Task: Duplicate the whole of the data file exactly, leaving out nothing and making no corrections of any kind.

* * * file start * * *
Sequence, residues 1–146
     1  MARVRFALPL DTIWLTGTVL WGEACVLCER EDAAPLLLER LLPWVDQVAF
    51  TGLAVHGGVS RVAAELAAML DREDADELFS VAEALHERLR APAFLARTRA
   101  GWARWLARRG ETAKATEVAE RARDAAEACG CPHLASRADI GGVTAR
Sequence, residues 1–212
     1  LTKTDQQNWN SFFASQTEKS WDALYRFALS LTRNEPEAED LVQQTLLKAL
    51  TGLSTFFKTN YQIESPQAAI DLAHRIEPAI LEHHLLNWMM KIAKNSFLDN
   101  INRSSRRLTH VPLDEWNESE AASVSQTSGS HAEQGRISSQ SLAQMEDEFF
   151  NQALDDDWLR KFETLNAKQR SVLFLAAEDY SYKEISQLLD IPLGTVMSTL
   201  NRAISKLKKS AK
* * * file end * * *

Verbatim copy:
Sequence, residues 1–146
     1  MARVRFALPL DTIWLTGTVL WGEACVLCER EDAAPLLLER LLPWVDQVAF
    51  TGLAVHGGVS RVAAELAAML DREDADELFS VAEALHERLR APAFLARTRA
   101  GWARWLARRG ETAKATEVAE RARDAAEACG CPHLASRADI GGVTAR
Sequence, residues 1–212
     1  LTKTDQQNWN SFFASQTEKS WDALYRFALS LTRNEPEAED LVQQTLLKAL
    51  TGLSTFFKTN YQIESPQAAI DLAHRIEPAI LEHHLLNWMM KIAKNSFLDN
   101  INRSSRRLTH VPLDEWNESE AASVSQTSGS HAEQGRISSQ SLAQMEDEFF
   151  NQALDDDWLR KFETLNAKQR SVLFLAAEDY SYKEISQLLD IPLGTVMSTL
   201  NRAISKLKKS AK